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What is HbA1c?

Hemoglobin A1c (HbA1c) is a biomarker that measures the amount of glucose in your blood that is attached to hemoglobin, the molecule in your red blood cells important for carrying oxygen throughout the body. HbA1c gives an average of your blood sugar over the past 2–3 months, providing a snapshot of your ability to maintain healthy blood sugar over time. 

What is diabetes and what are its risks?

Diabetes causes blood glucose levels to stay elevated for long periods of time after a meal, eventually resulting in damage to the eyes, kidneys, nerves, circulatory system, and other organs. Hyperglycemia—the chronic state of having high blood sugar—is also known to adversely affect the immune system¹.

What does HbA1c test for?

Measuring HbA1c  can detect prediabetes, help diagnose diabetes, and be used to monitor the effectiveness of diabetes treatments. The higher your percentage of HbA1c, the greater your blood sugar levels over the past 2–3 months and the greater your risk of having prediabetes or diabetes. Additionally, those with elevated HbA1c and a genetic variant of the haptoglobin protein called Hp2-2 have a significantly increased risk of heart disease². Learn more about haptoglobin.

When should I measure my HbA1c levels?

Other than elevated blood sugar, there are usually no symptoms accompanying prediabetes other than, possibly, areas of darkened skin, including on the neck, armpits, elbows, knees, or knuckles³. Prediabetes can progress to type 2 diabetes, at which point symptoms can include increased thirst, frequent urination, blurred vision³.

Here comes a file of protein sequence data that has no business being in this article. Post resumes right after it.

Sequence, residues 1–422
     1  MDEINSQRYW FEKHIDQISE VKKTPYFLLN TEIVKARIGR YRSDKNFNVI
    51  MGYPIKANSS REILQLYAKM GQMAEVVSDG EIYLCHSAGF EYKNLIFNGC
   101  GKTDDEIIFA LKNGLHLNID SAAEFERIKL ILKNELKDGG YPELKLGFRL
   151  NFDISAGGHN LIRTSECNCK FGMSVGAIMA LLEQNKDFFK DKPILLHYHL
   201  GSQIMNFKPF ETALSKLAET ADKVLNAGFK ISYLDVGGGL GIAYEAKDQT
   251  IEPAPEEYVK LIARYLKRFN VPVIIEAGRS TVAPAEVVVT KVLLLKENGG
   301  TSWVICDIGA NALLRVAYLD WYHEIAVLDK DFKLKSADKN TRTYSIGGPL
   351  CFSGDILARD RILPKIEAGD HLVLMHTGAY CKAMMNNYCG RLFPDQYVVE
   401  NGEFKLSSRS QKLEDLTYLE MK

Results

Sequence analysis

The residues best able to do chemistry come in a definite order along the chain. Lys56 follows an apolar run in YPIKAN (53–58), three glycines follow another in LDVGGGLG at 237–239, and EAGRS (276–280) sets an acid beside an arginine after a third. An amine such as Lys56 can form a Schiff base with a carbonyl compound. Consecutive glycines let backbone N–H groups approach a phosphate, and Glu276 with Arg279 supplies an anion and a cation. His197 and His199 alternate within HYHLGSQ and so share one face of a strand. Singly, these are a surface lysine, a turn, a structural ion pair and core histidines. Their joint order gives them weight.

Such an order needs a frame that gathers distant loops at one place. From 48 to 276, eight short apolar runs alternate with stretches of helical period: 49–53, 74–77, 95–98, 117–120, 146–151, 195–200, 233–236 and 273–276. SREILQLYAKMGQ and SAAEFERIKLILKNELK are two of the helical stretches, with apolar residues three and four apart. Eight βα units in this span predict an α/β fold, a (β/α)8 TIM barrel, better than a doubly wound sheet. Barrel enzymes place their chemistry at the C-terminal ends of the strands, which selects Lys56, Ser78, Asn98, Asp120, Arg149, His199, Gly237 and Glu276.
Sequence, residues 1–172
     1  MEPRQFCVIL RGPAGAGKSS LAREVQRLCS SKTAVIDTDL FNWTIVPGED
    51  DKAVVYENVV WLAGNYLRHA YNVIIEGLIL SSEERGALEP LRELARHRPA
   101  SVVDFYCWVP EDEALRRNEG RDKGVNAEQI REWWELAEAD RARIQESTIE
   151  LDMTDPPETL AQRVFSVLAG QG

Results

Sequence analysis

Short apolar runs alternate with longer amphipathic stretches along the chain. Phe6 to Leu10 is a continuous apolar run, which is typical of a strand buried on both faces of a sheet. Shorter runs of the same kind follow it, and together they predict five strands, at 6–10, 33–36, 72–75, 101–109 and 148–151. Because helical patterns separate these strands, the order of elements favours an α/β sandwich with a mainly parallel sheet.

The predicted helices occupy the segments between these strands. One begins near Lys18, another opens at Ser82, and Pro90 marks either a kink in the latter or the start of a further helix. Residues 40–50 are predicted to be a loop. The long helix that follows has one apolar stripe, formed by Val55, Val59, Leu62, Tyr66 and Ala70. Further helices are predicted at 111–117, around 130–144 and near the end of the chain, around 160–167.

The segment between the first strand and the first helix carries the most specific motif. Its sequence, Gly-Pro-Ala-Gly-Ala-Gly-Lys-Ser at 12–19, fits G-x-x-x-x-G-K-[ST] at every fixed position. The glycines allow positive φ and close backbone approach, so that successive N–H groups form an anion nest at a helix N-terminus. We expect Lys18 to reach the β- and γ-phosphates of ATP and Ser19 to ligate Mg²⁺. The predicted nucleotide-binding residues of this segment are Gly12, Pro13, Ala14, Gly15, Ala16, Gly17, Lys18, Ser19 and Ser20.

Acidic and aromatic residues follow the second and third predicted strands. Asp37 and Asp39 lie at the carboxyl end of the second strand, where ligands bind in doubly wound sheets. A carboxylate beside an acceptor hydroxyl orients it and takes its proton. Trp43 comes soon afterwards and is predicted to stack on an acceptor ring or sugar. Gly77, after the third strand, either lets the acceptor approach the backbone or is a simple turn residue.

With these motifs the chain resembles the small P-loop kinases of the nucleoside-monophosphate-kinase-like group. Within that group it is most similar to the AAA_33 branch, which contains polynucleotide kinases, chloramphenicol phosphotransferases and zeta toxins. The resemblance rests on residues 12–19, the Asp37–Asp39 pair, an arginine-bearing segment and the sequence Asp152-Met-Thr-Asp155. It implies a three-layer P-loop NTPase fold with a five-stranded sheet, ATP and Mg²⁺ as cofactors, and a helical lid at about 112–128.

If you have prediabetes, it is recommended that you test HbA1c once a year. For diabetics, the American Diabetes Association recommends testing your HbA1c at least twice a year to monitor the progress of your treatment

What is a normal HbA1c level?

The following levels are recognized by the imaware medical advisory board:

  • Normal - 4.0–5.6%
  • Prediabetes - 5.7–6.4%
  • Diabetes - >6.5% on two separate tests

The higher your level of HbA1c, the greater your chance of developing type 2 diabetes.

How can I improve my HbA1c levels?

With this information, your healthcare professional can make informed decisions about your diet, lifestyle, and medications to help you control your blood sugar level better. This can include a balanced diet that reduces intake of carbs and sugar-rich foods, regular exercise, and getting enough sleep. Your healthcare professional might also prescribe medications to help regulate your blood glucose level, such as Metformin.


  1. Watts M. HbA1c and the immune system. 18 March 2020. Diabetes.co.uk. https://www.diabetes.co.uk/blog/2020/03/hba1c-and-the-immune-system.html   
  2. Cahill LE, Levy AP, Chiuve SE, et al. Haptoglobin genotype is a consistent marker of coronary heart disease risk among individuals with elevated glycosylated hemoglobin. J Am Coll Cardiol 2013;61(7):728–737.
  3. Mayo Clinic. Prediabetes. Available from: https://www.mayoclinic.org/diseases-conditions/prediabetes/symptoms-causes/syc-20355278
  4. Mayo Clinic. A1C test. Available from: https://www.mayoclinic.org/tests-procedures/a1c-test/about/pac-20384643 
  5. American Diabetes Association. Understanding A1C. 6 July 2021. https://www.diabetes.org/a1c
Last updated:
October 13, 2021

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